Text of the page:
23 Super Drawing Games for Kids

by | Dec 12, 2022 | Physical, Wellbeing | 1 comment

Learning to write is a long and complicated process. When you break it down into all the different stages, it’s a miracle that any of us learn to write.

Sometimes, it’s a good idea to take the pressure off and just use a pen and paper to play games and be a little silly. That way, the writing process becomes non-threatening, and you and your child can take time just to have fun together.

We offer a fantastic course called Start Write Launchpad for parents and teachers. It is the ultimate step-by-step guide to success with fine motor and early writing for all children.  Be sure to check it out.

The games below can encourage reluctant writers to put pen to paper. They will also improve skills like turn-taking and can help develop social and communication skills or improve your drawing skills. The only pre-requisite for all the games is to make sure you have plenty of fun and laugh out loud!

I recommend using a large roll of white paper for all the games. This is sometimes referred to as easel or artist paper, or you could use a roll of wallpaper or backing paper.

For drawing, I like to use fine-line pens. Using a black ink pen is very precise and gives children’s drawings a quality you don’t get from other mark-making instruments, but if you haven’t got one of those, there is no need to worry. You can still play any of the games below using pencils, pens, felts, or whatever you have available. 

1. Take a pen for a walk (Warm-up)

This game literally does what it says on the tin.

Roll out a large sheet of paper and start to make marks, explaining that the pen is not allowed to leave the paper. Take the pen for a walk along the paper, and as you do so, give it some obstacles.

Call out : 

  • jump over the puddle
  • climb the ladder
  • time to go downstairs
  • hop across the stepping stones

2. Make your world

For this game, you will need the following:

  • 1 paper cup
  • Some dried rice or something similar (dried couscous or barley)
  • A large piece of paper.

Tip the cup of rice onto your paper, and mold it into an interesting shape with your fingers. Try to make your shape have both curves and angles. 

Draw around the shape you have made with your pen. 

Tip the rice back into the paper cup.

The shape that is left on the paper is your new world. It could be a new planet, an island, or a country.

Start to draw features on your new world. You could add:

Mountains

Rivers

Lakes

Caves

Cliffs

Volcanoes

Canyons

If you are creating a new planet, you can add aliens or whatever your imagination comes up with. 

This is a fun drawing game, but you can use it as a prompt to start world-building for later storytelling activities. 

3. Stick man

Stickman games are great because there is no pressure to be able to draw well, so anyone can take part. On a piece of paper, Player one should draw a basic stick man:

  • A circle for the head.
  • A straight line for the body and two stick legs.
  • An intersecting straight line for the arms.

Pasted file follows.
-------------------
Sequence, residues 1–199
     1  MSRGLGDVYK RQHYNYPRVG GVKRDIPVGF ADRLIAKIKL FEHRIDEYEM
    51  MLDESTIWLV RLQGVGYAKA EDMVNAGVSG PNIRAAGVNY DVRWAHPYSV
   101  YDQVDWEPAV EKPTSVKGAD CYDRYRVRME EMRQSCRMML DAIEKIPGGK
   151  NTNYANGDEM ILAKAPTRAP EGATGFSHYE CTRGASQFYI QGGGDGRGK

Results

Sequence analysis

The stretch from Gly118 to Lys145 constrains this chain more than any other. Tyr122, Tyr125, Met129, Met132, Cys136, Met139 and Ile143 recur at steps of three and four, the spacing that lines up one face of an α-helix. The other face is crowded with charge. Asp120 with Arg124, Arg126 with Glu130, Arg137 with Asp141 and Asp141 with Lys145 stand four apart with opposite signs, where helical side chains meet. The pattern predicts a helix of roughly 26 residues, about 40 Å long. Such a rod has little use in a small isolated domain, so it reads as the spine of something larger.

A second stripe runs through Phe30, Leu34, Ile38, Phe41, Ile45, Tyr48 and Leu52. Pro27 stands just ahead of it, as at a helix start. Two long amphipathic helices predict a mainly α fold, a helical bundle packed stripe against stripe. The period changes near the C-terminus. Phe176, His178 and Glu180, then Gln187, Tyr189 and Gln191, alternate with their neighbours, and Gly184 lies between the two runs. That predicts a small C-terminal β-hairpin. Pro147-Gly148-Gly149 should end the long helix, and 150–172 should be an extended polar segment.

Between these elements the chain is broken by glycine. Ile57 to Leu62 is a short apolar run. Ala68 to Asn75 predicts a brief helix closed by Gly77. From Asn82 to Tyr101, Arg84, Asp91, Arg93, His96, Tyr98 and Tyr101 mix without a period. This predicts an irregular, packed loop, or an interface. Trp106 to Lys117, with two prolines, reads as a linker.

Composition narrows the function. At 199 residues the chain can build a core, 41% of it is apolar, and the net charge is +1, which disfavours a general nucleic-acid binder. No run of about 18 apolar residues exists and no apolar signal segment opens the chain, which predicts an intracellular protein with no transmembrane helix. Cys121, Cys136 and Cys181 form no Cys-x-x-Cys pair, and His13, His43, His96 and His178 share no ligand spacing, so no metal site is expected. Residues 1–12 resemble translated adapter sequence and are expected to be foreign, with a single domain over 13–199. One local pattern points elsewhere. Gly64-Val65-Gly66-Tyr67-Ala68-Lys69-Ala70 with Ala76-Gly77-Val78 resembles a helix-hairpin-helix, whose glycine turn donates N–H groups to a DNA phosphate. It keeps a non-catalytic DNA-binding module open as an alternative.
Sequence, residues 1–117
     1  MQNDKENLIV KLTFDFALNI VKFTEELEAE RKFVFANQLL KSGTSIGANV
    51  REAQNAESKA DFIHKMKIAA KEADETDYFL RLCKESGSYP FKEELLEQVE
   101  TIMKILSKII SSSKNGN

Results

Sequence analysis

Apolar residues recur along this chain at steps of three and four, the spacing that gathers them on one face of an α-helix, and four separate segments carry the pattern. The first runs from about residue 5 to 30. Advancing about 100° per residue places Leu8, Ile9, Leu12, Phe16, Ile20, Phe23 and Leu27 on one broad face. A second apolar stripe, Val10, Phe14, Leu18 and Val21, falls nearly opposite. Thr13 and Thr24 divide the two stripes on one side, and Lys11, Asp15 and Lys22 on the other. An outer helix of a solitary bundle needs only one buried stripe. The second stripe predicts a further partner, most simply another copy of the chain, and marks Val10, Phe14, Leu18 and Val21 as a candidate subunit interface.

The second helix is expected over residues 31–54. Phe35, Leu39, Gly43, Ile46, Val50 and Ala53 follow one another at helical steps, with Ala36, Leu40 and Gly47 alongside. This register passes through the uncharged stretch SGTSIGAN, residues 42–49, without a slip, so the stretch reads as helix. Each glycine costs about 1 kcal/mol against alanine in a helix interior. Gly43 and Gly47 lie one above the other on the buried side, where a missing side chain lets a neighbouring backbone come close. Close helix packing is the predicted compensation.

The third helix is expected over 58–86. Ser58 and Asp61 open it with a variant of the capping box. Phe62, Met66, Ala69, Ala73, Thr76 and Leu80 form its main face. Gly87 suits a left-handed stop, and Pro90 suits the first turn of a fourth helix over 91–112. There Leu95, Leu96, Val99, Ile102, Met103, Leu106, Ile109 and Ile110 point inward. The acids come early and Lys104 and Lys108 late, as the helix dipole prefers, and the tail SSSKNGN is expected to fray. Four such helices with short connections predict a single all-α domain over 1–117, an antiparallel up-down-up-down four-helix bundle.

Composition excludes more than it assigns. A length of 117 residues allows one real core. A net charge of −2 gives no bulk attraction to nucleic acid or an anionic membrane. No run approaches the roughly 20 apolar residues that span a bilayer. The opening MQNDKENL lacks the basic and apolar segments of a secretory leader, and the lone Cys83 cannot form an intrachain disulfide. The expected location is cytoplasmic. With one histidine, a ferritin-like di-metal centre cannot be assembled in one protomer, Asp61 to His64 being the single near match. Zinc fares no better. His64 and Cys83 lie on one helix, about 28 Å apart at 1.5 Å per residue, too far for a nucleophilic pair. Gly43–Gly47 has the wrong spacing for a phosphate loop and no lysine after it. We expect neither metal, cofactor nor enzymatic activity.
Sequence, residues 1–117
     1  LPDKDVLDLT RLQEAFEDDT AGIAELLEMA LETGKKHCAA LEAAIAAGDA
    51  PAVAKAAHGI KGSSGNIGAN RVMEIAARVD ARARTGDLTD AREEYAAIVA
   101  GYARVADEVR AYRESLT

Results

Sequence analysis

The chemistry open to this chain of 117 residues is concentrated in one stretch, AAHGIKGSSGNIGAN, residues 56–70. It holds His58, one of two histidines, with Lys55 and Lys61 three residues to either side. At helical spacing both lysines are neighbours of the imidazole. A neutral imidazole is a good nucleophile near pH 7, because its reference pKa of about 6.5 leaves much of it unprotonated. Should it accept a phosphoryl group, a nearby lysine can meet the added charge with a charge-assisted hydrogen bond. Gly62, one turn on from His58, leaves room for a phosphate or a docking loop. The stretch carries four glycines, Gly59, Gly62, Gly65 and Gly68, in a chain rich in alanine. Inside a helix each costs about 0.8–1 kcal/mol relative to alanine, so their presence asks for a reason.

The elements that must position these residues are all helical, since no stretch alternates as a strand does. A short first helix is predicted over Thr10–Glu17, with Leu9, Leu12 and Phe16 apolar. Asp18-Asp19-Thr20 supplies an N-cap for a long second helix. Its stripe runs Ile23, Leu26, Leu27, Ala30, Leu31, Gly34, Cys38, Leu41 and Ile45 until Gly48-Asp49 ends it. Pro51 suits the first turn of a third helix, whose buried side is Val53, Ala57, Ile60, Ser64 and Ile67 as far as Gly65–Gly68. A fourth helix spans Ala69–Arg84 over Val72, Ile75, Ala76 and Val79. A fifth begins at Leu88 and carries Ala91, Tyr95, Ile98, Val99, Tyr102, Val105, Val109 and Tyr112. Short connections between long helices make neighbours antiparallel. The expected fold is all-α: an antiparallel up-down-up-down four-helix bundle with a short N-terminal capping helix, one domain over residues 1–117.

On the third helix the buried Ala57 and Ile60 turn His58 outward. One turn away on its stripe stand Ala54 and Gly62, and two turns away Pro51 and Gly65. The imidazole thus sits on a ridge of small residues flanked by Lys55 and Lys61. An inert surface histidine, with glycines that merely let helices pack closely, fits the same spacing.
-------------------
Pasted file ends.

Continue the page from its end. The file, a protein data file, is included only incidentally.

Ask the next player to take a card from a stack of occupation cards.

Give the stick man the tools he needs for his occupation by drawing the clues onto his body, for example:

  • A mechanic could have a spanner, boots, and a car.
  • A firefighter could have a hard hat, a hose, and a fire.
  • A dancer could have ballet shoes and a tutu. 

You can add a timer if you want to add some jeopardy to the game. 

The other players should try to guess the occupation from the clues drawn before the timer runs out. 

4. The Evolution Game

You will need the following:

  • A large piece or roll of paper and some pens.
  • A circle template.
  • timer or stopwatch.
  • Cards with names of animals on them. 

The game aims to turn the circle into a creature that players can guess before the time runs out. 

  • On a large piece of paper, draw a circle using the template.
  • Set the timer and ask the first player to take an animal card. 
  • Can they turn the circle into the creature so the other players can guess it before the time runs out?

Add colored pens if you prefer for this game. You can also repeat this game using mythical beasts like dragons, werewolves, and unicorns.

5. The folding paper game

Fold a piece of A4 paper in half lengthways and then in half again, so you have four equal rectangle shapes. Fold the paper again, so you can only see the top rectangle.

Explain that each player will draw a different part of a person. 

Player 1 – draw a hat in the top rectangle, then turn the paper over and pass it on to:

Player 2 – Draw a face in the second rectangle and fold the paper so it can’t be seen, and pass it to:

Player 3 – Draw the body, including the arms. Repeat the fold and pass to:

Player 4 – Draw the legs and feet.

When complete, unfold the paper to see the finished person.

This almost always results in a funny-looking person and causes much laughter.

You can then repeat this game, drawing people you know or celebrities. 

6. Fairy tale walk

This game is similar to taking the pen for a walk, but this time, you should have a familiar story in mind first. Decide on a story and explain that you will draw a map of the story. 

Re-tell the story and as you listen to the story, draw whatever comes into your head to represent the key points.

For example, in Jack and the beanstalk, you could draw:

  • A purse containing some magic beans
  • a window
  • a beanstalk growing higher and higher into the clouds
  • A giant boot
  • A golden goose